RYK VAN NIEKERK: Welcome to this Financial Advisor podcast – our weekly podcast where I speak to leading financial advisors. My guest today is Richus Nel: he is the head of the Stellenbosch office of Brenthurst Wealth.
I received a letter from a listener of one of our radio shows, who complained that she didn’t know anything about the family’s financial affairs and when her husband passed away she was left totally in the dark as to where the investments were, which bank accounts contained money and the like. What is the role of a financial advisor in such a situation?
RICHUS NEL: Ryk, I think this is actually quite common, where you see that one spouse is typically more predominant in managing and arranging the financial affairs within a family. What I would say is that it’s actually not that easy from a financial advisor’s point of view to know in this engagement how much the spouse, who’s actually absent in a lot of instances, actually knows about the financial affairs. So whether it should be the responsibility of the financial planner to take that on board and make sure that both spouses are aware of what’s happening and are involved is difficult to say. But what I do as a financial advisor in that relationship is encourage mutual involvement from both spouses. Take note that many spouses actually prefer not to be involved, so it’s almost also a result from that decision and it’s actually not that easy to overcome that.
What I would also do in many instances is to make the individual who you have got this relationship with, that you have got common and frequent contact with, … aware of what are the implications [are] when he or she dies: what the other person will be dealing with and almost preempting, just to overcome that absence of experience and knowledge, making sure that there’s enough liquidity on call and on standby when something happens, make sure that the will has been properly thought through and things like that. So I think it’s coming back to more managing the financial affairs of that individual who you do have this relationship with, in a holistic and prudent manner and making that person understand that there is a role that he or she needs to play to involve the other spouse.
RYK VAN NIEKERK: I would assume it would be easier if one financial advisor takes care of a family’s complete financial planning affairs and estate planning but that’s not always the case. Sometimes you only get a portion of an individual’s financial portfolio.
RICHUS NEL: I think it’s a big problem and that’s typically one of the drawbacks that I indicate to clients if they are splitting their wealth up proportionately and giving it to two or three advisors. They typically don’t share as well into that holistic view as what they could have. So remember that most financial advisors also work on a client segmentation service offering and it makes it pretty difficult to provide a holistic service if you only receive proportional investment capital from which you are remunerated from.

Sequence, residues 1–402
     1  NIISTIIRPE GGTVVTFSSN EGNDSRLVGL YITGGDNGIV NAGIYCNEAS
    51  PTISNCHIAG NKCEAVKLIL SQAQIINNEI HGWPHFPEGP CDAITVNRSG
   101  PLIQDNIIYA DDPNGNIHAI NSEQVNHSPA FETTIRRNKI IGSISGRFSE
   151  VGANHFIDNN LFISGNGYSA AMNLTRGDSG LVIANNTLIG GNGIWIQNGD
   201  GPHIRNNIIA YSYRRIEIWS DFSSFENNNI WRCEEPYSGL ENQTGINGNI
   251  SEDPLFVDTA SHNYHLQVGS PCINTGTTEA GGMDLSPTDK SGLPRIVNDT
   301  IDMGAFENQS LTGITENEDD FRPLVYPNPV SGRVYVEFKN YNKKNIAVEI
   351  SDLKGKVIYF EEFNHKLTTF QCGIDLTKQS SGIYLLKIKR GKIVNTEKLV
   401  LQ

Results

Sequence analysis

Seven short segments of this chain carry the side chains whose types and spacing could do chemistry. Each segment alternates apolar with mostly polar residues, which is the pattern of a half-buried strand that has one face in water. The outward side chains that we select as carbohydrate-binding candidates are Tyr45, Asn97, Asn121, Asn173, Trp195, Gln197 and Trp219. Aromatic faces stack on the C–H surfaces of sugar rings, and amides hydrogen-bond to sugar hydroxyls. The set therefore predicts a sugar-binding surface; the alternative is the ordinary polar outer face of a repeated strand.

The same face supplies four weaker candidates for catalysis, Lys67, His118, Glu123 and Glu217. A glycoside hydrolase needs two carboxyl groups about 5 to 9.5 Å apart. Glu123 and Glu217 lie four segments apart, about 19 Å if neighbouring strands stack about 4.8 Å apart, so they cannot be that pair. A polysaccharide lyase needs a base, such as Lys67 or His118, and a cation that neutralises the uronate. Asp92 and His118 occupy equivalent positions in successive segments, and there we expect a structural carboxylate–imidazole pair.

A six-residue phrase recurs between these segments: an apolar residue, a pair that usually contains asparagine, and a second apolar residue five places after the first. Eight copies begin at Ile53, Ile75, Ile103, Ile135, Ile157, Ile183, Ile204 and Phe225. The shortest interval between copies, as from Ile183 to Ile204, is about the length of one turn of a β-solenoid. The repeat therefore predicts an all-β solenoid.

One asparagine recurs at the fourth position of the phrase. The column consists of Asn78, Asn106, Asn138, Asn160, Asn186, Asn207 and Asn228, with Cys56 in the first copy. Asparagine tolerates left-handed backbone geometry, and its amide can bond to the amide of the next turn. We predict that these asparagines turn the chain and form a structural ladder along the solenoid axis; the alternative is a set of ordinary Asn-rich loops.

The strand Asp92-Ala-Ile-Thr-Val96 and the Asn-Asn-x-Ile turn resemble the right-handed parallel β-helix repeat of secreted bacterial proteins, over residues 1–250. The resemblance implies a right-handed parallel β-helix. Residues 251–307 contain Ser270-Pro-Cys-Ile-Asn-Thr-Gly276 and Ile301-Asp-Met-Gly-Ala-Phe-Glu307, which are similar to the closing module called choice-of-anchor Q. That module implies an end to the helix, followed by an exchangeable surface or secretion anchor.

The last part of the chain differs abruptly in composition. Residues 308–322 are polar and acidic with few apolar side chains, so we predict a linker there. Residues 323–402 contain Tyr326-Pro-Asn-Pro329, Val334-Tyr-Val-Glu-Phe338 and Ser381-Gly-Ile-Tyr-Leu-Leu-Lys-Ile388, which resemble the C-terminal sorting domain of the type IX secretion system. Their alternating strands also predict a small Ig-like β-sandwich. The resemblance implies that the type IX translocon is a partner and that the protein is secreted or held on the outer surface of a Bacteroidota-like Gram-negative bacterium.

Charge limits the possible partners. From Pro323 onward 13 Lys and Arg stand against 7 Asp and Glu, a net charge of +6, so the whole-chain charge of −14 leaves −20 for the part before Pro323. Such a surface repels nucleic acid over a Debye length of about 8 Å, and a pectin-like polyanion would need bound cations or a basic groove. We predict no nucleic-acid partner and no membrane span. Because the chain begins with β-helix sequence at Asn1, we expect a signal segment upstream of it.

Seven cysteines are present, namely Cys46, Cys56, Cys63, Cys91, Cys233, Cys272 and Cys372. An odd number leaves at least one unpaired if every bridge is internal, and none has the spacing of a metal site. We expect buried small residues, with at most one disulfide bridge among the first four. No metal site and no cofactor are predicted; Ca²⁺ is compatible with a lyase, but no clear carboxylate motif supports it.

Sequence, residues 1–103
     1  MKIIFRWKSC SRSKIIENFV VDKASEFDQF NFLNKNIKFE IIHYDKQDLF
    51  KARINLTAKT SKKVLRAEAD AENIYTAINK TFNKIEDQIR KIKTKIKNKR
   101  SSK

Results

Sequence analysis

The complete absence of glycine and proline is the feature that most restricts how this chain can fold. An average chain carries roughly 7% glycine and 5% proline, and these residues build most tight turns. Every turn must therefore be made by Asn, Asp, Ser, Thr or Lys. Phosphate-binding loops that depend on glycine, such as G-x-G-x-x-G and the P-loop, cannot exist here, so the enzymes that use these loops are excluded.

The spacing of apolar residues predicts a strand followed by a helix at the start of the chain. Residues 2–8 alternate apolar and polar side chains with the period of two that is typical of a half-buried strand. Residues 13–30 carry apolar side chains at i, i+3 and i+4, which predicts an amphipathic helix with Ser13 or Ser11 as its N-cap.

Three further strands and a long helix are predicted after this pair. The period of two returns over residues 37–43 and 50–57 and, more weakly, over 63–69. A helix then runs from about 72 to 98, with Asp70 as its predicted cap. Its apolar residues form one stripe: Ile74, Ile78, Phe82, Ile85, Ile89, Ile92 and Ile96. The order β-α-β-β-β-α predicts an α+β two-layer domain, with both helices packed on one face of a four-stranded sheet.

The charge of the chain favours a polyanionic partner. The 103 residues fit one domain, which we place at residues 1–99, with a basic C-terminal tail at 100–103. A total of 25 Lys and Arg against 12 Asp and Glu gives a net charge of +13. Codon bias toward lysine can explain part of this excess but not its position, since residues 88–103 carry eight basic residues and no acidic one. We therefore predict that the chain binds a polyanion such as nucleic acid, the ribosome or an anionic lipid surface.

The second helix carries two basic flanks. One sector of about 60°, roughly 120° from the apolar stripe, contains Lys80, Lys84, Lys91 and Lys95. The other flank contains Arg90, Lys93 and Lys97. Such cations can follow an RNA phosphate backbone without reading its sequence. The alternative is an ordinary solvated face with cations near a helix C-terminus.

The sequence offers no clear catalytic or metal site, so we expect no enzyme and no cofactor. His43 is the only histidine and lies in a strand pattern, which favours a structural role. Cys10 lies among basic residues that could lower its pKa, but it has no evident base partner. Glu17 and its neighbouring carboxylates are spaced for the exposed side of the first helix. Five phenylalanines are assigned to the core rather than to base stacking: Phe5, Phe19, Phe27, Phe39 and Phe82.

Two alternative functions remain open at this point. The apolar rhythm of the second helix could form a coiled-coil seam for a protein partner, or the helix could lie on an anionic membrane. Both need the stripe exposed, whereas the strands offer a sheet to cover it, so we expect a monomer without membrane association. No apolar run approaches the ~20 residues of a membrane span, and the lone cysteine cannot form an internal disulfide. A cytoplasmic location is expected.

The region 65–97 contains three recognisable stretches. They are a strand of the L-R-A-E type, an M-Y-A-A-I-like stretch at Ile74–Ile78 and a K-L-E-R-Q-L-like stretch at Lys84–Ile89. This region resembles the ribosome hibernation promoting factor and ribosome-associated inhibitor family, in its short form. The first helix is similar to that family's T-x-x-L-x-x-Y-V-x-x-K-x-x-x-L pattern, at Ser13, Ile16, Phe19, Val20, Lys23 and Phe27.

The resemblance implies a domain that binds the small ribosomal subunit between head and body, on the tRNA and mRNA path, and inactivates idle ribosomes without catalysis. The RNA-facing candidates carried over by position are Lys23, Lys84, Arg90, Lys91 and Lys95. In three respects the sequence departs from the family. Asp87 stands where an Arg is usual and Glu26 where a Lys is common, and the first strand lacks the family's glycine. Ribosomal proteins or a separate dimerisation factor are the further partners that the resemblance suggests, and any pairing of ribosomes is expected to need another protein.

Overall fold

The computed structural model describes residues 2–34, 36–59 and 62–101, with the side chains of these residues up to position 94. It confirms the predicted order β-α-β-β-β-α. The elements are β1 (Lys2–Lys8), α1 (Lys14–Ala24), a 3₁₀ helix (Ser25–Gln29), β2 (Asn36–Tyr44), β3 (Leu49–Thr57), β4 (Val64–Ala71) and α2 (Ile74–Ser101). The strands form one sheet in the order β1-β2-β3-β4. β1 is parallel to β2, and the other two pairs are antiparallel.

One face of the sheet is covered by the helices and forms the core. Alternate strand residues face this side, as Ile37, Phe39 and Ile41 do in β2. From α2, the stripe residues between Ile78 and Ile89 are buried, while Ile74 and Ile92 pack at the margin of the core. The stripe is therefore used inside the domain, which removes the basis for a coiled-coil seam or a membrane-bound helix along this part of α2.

Current investment environment
RYK VAN NIEKERK: Let’s talk about the current investment environment … obviously we’ve seen an improvement in sentiment since Cyril Ramaphosa was elected president, but that has caused the rand to strengthen and we’ve seen quite depressed market conditions on the JSE and other platforms. Have you had a phone call or two from clients saying, ‘Listen, I feel a lot more positive about the country but why is my investment going backwards?’
RICHUS NEL: I think it’s very common and it’s not just since the end of December. The rand started strengthening around March/April 2016 already and it’s actually strengthened significantly – that number by the end of April was something like almost 30% against your prominent currencies worldwide, especially the dollar. So the JSE hasn’t done well for more than probably two years; your foreign investment that you’ve made, whether that’s direct or indirect through the JSE has not done well. So it’s actually been a very difficult investment experience for clients. And, when compared to previous market meltdowns and crashes, it’s actually very difficult when the market is just going sideways, compared to when it’s dropped and started recovering.
So I think the phone calls are mutual; they are coming in but also going out and trying to proactively prepare clients to say that the results are disappointing and almost trying to keep a lid on those emotions that play out in investment decisions. So what we should remind ourselves of is there have been difficult times, there have been prospering times on markets before.
We’ve got 100 to 120 years of financial data which shows that markets sometimes go up, they sometimes go down and sometimes they go sideways.
I’m trying very hard to proactively prepare clients that they are going to see all these cycles and that it’s part of the game plan and when you are in one of those down cycles or sideways cycles you have to stick to your guns – you have to go back to your investment objective that you set initially and stick to that investment position.
RYK VAN NIEKERK: I’ve never had a phone call from my financial advisor telling me, ‘Listen, we are in turbulent times, don’t expect too much’. But I have had those phone calls when things are going well and my advisor told me, ‘Listen, your investments are going up, well done’. What is the attitude from your clients when you phone them with bad news, even if it is proactive?